In the next series of experiments, the team took the collagen-GAG matrix3 from tissue culture to the in-vivo setting and analyzed Schwann cell migration into matrix tubes from both the proximal and distal ends of transected sciatic nerves in rats. After two weeks post-implantation, both proximal and distal collagen-GAG implants were heavily infiltrated with mostly p75-positive cells clustering in the central areas of the matrix.

“The matrix construct potentiated the Schwann cell colonization of the nerve guide lumen that we had observed in earlier studies” says Archibald.

In the in vivo experiments, Schwann cells readily infiltrated and adhered3 to the collagen-GAG matrix surface, using the structure as a permissive substrate. Abundant migration from the nerve proximal and distal stumps, as opposed to quite limited expansion of purified Schwann cells seeded on the matrix in vitro, may reflect the pre-conditioning of the matrix surface with endogenously-derived growth-supportive molecules in vivo, according to Archibald.

Key Takeaways from Schwann Cell Migration in the Collagen-GAG Matrix

From these results, Shakhbazau et al.3 noted the following:

    • The axial alignment of collagen-GAG matrix allowed directed Schwann cell migration along the 3D linear paths and formation of long patterned columns to support axon outgrowth and myelination.
    • In some areas of the matrix, Schwann cells grouped along the longitudinal structure of the matrix fibers in a manner that resembles bands of Büngner, which guide axons through the injury site back to their targets.
    • Given that this phenomenon also occurred in the in vitro model with purified cultured Schwann cells, this suggests that the alignment of the Schwann cells into the linear columns may be assisted by the axial microarchitecture of the collagen-GAG matrix.

Overall, the in vivo migrating Schwann cells were found to acquire their characteristic native morphology within the matrix architecture much more easily compared to the in vitro environment.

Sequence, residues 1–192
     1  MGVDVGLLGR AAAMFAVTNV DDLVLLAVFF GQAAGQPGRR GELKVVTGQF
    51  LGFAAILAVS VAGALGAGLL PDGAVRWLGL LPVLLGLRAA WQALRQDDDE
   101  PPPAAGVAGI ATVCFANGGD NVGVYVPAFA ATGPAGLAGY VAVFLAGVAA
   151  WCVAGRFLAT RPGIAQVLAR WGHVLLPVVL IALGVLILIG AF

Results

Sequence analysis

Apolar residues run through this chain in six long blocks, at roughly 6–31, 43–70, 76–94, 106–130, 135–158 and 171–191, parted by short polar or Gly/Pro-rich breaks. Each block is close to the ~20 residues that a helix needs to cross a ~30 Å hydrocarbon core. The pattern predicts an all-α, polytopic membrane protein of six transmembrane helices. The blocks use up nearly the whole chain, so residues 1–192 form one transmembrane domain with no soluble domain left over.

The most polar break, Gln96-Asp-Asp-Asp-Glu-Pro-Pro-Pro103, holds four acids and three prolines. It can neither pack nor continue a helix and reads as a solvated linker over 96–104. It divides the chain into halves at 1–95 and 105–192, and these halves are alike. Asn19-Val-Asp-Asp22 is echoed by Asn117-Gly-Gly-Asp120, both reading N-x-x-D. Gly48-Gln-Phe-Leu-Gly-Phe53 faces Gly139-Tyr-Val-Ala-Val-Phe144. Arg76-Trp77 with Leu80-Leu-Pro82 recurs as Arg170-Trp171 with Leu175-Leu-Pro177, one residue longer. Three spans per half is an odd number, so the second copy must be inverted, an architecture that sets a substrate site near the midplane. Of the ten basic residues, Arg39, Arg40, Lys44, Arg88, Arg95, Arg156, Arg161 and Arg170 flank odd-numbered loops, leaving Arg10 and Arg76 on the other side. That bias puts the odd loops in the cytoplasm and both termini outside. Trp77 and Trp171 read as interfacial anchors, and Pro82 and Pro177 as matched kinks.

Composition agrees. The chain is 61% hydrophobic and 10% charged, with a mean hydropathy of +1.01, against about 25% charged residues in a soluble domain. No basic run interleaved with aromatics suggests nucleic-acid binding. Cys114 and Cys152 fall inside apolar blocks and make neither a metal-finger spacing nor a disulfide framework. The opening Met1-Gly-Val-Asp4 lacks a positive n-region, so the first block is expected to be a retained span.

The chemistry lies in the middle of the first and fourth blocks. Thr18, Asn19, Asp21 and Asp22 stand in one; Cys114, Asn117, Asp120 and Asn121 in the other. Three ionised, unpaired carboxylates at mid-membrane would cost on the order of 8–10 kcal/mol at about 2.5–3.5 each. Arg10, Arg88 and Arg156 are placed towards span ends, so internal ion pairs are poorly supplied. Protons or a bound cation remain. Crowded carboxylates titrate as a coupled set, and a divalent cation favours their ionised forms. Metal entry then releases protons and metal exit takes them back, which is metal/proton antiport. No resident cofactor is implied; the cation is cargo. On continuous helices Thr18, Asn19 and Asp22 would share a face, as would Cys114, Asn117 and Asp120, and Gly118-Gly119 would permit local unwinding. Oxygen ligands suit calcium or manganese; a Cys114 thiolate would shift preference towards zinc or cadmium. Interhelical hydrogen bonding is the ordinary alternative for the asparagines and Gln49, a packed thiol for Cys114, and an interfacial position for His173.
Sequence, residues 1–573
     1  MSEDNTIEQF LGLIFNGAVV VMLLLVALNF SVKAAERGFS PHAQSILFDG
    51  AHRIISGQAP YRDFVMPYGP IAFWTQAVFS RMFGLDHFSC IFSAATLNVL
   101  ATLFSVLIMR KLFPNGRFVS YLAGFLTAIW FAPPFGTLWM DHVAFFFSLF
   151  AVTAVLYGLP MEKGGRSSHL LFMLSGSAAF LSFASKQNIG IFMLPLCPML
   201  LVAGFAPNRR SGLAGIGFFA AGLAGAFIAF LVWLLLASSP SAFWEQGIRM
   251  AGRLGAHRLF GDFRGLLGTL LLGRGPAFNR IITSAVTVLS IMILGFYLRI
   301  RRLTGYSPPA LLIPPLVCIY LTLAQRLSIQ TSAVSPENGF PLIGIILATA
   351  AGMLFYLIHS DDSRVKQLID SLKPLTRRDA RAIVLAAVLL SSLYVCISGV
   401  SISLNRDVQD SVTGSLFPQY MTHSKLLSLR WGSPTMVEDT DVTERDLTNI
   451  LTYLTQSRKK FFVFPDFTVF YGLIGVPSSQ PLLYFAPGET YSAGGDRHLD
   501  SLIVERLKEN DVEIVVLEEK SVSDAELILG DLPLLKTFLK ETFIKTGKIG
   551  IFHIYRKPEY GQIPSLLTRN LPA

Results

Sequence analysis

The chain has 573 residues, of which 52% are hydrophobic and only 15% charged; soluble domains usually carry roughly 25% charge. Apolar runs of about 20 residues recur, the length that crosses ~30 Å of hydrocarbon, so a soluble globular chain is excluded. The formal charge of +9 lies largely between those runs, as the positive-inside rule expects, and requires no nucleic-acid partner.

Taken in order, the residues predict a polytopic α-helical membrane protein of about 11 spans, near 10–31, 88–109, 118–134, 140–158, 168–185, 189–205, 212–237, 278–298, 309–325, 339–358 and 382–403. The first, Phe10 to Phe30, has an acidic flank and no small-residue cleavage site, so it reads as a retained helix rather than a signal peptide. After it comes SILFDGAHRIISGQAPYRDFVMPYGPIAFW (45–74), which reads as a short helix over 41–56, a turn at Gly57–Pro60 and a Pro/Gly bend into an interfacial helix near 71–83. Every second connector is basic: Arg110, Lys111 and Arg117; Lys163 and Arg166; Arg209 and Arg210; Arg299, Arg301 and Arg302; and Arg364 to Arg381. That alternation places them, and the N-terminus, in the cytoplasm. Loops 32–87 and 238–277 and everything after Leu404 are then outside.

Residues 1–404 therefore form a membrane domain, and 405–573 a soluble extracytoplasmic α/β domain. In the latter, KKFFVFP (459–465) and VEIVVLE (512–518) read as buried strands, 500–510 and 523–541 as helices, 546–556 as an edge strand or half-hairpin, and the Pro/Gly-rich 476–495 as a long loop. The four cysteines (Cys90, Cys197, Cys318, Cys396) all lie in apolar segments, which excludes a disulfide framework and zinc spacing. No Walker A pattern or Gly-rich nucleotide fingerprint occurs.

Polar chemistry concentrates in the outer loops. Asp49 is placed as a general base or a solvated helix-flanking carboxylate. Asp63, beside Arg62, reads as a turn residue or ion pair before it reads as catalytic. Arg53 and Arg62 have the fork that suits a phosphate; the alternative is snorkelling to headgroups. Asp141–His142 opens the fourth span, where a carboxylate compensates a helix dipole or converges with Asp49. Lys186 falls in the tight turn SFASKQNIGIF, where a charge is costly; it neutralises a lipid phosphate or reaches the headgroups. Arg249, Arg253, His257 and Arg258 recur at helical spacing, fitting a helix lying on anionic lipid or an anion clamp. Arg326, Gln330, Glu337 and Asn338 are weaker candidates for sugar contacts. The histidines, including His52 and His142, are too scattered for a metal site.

This data, the study authors note,3 highlights the potential of the aligned collagen-GAG matrix filled conduit to support the regenerative Schwann cells.

“The launch of NeuraGen 3D Nerve Guide matrix is a culmination of many years of research and a testament to the ongoing work of countless scientists and health care practitioners to develop cutting-edge solutions for the treatment of peripheral nerve injuries,” says Archibald. “[It] has the potential to make a significant contribution to patient care.”


NeuraGen 3D Nerve Guide Matrix is indicated for the repair of peripheral nerve discontinuities where gap closure can be achieved by flexion of the extremity.
NeuraGen 3D Nerve Guide Matrix is not designed, sold, or intended for use except as described in the indications for use and is contraindicated for patients with a known history of hypersensitivity to bovine-derived or chondroitin materials.
Do not re-sterilize
Do not use if the product package is damaged or opened
Hemostasis of the nerve stumps must be achieved prior to placement of the NeuraGen 3D Nerve Guide Matrix. A blood clot in the lumen of the nerve guide will impede axon growth.
Tensionless repair technique should be used to prevent tension along the length of the nerve.
NeuraGen 3D Nerve Guide Matrix should be used with caution within infected regions.
*Pre-clinical testing is not necessarily indicative of clinical results.


  1. Houshyar S, Bhattacharyya A, and Shanks R. Peripheral Nerve Conduit: Materials and Structures. ACS Chem. Neurosci. 2019; 10(8): 3349-3365.
  2. Vijayavenkataraman, S. Nerve Guide Conduits for Peripheral Nerve Injury Repair: A Review on Design, Materials and Fabrication Methods. Acta Biomater. 2020; 106: 54-69.
  3. Shakhbazau A, Archibald SJ, Shcharbin D, Bryszewska M, Midha R. Aligned Collagen-GAG Matrix as a 3D Substrate for Schwann Cell Migration and Dendrimer-Based Gene Delivery. J Mater Sci Mater Med.2014;25(8): 1979-1989.
  4. Madison RD, Archibald SJ. Point Sources of Schwann Cells Result in Growth into a Nerve Entubulation Repair Site in the Absence of Axons: Effects of Freeze-Thawing. Experimental Neurology. 1994; 128(2): 266-75.
  5. Taras, JS, Jacoby SM, and Lincoski, CJ. Reconstruction of Digital Nerves with Collagen Conduits. The Journal of Hand Surgery. 2011; 36(9):1441-1446.


NeuraGen, Integra, and the Integra logo are registered trademarks of Integra LifeSciences Corporation or its subsidiaries in the United States and/or other countries.